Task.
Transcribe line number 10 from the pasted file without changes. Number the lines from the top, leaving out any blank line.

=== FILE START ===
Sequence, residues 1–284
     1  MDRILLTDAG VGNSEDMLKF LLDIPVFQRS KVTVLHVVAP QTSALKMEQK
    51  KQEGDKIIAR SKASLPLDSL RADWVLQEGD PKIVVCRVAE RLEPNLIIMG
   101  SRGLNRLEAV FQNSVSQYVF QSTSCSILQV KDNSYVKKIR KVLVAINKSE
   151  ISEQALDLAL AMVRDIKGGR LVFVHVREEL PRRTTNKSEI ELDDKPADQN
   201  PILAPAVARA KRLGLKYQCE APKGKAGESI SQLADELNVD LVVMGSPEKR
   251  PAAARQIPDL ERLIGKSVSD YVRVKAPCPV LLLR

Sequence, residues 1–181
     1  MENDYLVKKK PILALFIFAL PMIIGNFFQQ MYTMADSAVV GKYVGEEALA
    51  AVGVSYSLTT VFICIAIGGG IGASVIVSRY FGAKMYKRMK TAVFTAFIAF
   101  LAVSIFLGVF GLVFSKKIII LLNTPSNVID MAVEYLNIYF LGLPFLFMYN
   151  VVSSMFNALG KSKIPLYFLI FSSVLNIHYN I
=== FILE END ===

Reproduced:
    51  AVGVSYSLTT VFICIAIGGG IGASVIVSRY FGAKMYKRMK TAVFTAFIAF